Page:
Jill and I checked out some of the shops around the central marketplatz (naturally), including a huge christmas shop and surprisingly emerged with no packages between us. We decided to head to the town walls for a trek above the houses which was a great way to see a different view of the town. We also had an ulterior motive, to find the horse and carriages so we could take a ride. No luck, so we did the female thing and asked for directions and next thing you know we were taking a leisurely ride around the outer streets, under a shady canopy. The ride took 25 minutes with two stops; one a toilet stop but for the horses, not for us, and the other at a huge water trough for a drink, again for the horses not us! On the return journey Valerie entertained us all with personal stories about her adjustment to living in Germany, her children's bilingual issues and other funny tales. This lady could easily do stand up comedy or after dinner speaking. (Take note Avalon, she would be great onboard as a speaker, especially on the cross cultural issues she has encountered.)

Our trip to Miltenberg was very leisurely as we were still sailing for half of the next day before we docked. Once again we were taken on a walking tour of the town, which is famed for its beer and franconian red wines. It is yet another medieval town, with many enormous half timbered houses lining the streets of the old town. The day we visited it was hosting a stopover of a very large contingent of cyclists who were following the way of a pilgrimage from town to town. They departed mid afternoon and the streets were very quiet in comparison. Back on board we had a local lady visit the ship to present a Vanilla Gipfel cookie baking demonstration. She managed to coerce a couple of the guys into helping her with this, and I noticed a few not so brave men quickly depart from the lounge once she announced she needed volunteers. Brigitte was very funny and lively so it was much more than a baking demonstration and whiled away an hour very easily.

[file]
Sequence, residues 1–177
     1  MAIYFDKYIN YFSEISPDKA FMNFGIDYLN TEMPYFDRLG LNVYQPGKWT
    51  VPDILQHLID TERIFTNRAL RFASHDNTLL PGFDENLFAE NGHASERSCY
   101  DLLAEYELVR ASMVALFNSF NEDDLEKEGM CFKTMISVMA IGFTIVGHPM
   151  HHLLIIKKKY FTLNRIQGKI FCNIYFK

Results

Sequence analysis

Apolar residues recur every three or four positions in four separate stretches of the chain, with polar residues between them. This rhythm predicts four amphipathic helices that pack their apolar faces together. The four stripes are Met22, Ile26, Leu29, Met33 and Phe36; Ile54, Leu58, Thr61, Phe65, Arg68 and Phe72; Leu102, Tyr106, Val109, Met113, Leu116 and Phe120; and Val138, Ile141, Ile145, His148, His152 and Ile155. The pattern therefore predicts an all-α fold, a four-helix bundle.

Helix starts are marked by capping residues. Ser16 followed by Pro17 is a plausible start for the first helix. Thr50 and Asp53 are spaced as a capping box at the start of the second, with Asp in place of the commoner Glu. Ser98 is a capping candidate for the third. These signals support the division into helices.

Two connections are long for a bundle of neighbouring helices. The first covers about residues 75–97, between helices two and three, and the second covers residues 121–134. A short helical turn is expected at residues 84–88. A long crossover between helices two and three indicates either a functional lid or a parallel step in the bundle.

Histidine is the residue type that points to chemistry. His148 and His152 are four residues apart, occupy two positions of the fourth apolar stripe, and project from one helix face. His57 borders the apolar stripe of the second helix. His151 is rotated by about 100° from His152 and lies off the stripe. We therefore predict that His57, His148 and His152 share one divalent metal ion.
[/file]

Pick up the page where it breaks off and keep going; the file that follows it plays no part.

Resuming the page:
Soon after we set sail for Rudesheim to the strains of Vangelis and the view outside my window was perfect; a white swan was floating by, the light reflected on all of the buildings giving a glowing effect, the green of the countryside looked even greener than usual and I spied canoeists on the river. Lovely!

That night the crew put on a show for us all in the lounge after dinner. They did a variety of funny skits as well as some musical moments. I guess all of these cruises do something similar as part of their entertainment. We got to see another side to the people who have been providing us with such professional service this past two weeks. They are a great bunch of people, very hard working. Many of them are married with children but barely see their families during the summer holiday season, They work long hours every day and most do a multitude of jobs, yet no task seems to be too much trouble for these easy going crew members. We also had a piano player each night, Nick, from Bulgaria. He has quite the repertoire, has a great voice and is a good musician so we enjoyed dancing along to his music most nights.